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National Aboriginal Day: Reflecting on the journey to reconciliation

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June 20, 2016

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On Canada’s 20th annual National Aboriginal Day, we recognize and celebrate the unique heritage, diverse cultures and many contributions of First Nations, Inuit and Métis (Indigenous) peoples. As an arms-length agency of government, the Ontario Human Rights Commission (OHRC) also sees today as an opportunity to restate our commitment to reconciliation and working alongside Indigenous communities across Ontario.

Ontario’s existing human rights system can be helpful when Indigenous people face discrimination in their workplace, when trying to rent an apartment, or as customers in stores and restaurants. The OHRC also tackles systemic discrimination against Indigenous people, for example in child welfare, policing and corrections.

Still, we know that the current system is limited in the way it responds to the unique relationship between Indigenous peoples and the land, as well as the lived reality of Indigenous peoples in the wake of colonialism, residential schools and inter-generational trauma. We learned more about these limits as we watched the Truth and Reconciliation Commission’s work unfold, and debates around the Inquiry into Missing and Murdered Indigenous Women.

We learned that we need to rethink the way the OHRC engages with Indigenous peoples across Ontario. We have been meeting with many different Indigenous leaders, groups, individuals and youth, with the goal of finding the best way to work together to address pressing human rights issues, including realizing rights protected in the UN Declaration on the Rights of Indigenous Peoples.

We continue to learn that the process is sometimes as important as the outcome. That listening and understanding, and building a trusting relationship, will be necessary first steps in our journey.

The journey will require all of us to acknowledge some hard truths. We are learning that many Indigenous peoples don’t see Ontario’s human rights system, which is narrowly focused on individual discrimination, as being in sync with their own traditional dispute resolution processes or distinct understanding of human rights – which are often more collective in nature and emphasize a deep historic connection with the land.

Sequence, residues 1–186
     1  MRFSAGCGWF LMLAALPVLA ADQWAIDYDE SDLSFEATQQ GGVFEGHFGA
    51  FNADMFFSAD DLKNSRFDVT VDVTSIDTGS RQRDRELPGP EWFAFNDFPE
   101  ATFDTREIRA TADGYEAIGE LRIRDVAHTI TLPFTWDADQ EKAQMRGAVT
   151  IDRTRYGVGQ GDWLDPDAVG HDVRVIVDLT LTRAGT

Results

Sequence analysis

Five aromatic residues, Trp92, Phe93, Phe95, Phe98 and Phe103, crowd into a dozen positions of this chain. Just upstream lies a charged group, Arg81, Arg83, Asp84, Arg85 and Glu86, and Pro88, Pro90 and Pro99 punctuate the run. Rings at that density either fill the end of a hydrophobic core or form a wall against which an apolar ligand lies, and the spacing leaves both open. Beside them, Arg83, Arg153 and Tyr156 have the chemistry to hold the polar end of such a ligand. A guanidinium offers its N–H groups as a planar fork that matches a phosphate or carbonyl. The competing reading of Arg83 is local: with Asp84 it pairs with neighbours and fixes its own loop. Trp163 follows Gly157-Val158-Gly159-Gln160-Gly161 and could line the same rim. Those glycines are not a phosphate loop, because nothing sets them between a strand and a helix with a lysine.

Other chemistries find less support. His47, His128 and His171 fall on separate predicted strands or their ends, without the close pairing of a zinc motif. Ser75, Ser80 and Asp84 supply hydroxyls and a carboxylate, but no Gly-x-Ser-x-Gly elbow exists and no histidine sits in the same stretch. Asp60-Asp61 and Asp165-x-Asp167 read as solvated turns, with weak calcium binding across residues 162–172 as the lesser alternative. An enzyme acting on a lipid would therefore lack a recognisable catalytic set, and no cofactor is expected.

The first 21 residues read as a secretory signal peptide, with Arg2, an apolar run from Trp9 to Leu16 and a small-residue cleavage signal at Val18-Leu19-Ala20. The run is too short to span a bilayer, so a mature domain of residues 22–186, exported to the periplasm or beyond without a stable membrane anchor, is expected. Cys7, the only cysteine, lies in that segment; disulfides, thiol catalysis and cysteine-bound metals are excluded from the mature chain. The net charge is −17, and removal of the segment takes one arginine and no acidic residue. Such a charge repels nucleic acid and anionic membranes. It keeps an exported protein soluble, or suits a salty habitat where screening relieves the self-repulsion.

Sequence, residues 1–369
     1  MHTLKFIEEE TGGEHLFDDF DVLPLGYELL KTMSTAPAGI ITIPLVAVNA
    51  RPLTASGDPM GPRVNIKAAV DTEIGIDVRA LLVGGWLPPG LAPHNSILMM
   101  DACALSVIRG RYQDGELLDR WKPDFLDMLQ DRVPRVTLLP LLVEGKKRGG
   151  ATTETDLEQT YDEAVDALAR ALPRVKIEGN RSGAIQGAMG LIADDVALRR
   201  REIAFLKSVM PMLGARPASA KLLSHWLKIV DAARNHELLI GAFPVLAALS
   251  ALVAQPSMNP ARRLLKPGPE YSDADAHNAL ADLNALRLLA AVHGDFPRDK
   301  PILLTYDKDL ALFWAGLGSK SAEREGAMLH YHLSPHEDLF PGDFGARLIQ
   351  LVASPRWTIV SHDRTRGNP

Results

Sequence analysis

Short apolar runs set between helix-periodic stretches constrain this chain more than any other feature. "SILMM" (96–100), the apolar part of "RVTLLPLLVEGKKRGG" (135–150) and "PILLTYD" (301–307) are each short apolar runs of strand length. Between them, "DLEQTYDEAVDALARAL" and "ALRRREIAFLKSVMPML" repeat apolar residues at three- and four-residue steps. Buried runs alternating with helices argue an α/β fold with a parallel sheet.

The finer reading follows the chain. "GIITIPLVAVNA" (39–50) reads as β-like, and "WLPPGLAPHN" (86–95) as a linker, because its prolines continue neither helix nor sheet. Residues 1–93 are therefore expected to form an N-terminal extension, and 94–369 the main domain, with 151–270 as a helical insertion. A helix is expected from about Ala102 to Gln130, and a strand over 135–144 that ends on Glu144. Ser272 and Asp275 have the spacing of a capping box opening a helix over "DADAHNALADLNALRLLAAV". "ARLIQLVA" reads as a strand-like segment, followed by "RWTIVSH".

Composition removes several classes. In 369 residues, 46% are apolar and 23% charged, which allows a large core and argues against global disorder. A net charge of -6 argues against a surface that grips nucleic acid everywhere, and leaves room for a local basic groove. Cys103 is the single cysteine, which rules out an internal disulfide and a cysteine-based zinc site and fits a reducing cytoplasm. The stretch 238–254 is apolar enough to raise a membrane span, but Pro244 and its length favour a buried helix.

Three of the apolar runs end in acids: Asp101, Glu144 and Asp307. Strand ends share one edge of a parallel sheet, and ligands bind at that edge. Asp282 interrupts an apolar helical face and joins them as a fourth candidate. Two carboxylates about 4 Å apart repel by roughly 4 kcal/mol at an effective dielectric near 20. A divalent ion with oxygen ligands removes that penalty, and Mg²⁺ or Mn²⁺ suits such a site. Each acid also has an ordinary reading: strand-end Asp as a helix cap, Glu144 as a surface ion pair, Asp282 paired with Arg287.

When the Human Rights Code was drafted more than 50 years ago, there wasn’t, to our knowledge, much discussion with First Nations, Metis and Inuit peoples. So from its start, the approach of Ontario’s human rights system reflected the approach that has long characterized Canada’s relationship with Indigenous peoples: government indifference, inaction, or implementation of laws and policies to “help” Indigenous peoples, rather than working with and empowering them to realize their own vision of a just, fair and free society.

The challenge now is to apply our learning to what we do at the OHRC. We have come to understand that any meaningful engagement has to be on Indigenous peoples’ terms, based on their ideas and experiences – not ours. We are committed to creating a circle of knowledge where learning from Indigenous peoples is given as much importance as educating Indigenous peoples about their rights under the Code. That’s the only way the OHRC can begin its journey towards reconciliation with First Nations, Metis and Inuit peoples in Ontario.

Renu Mandhane, B.A., J.D., LL.M
Chief Commissioner
Ontario Human Rights Commission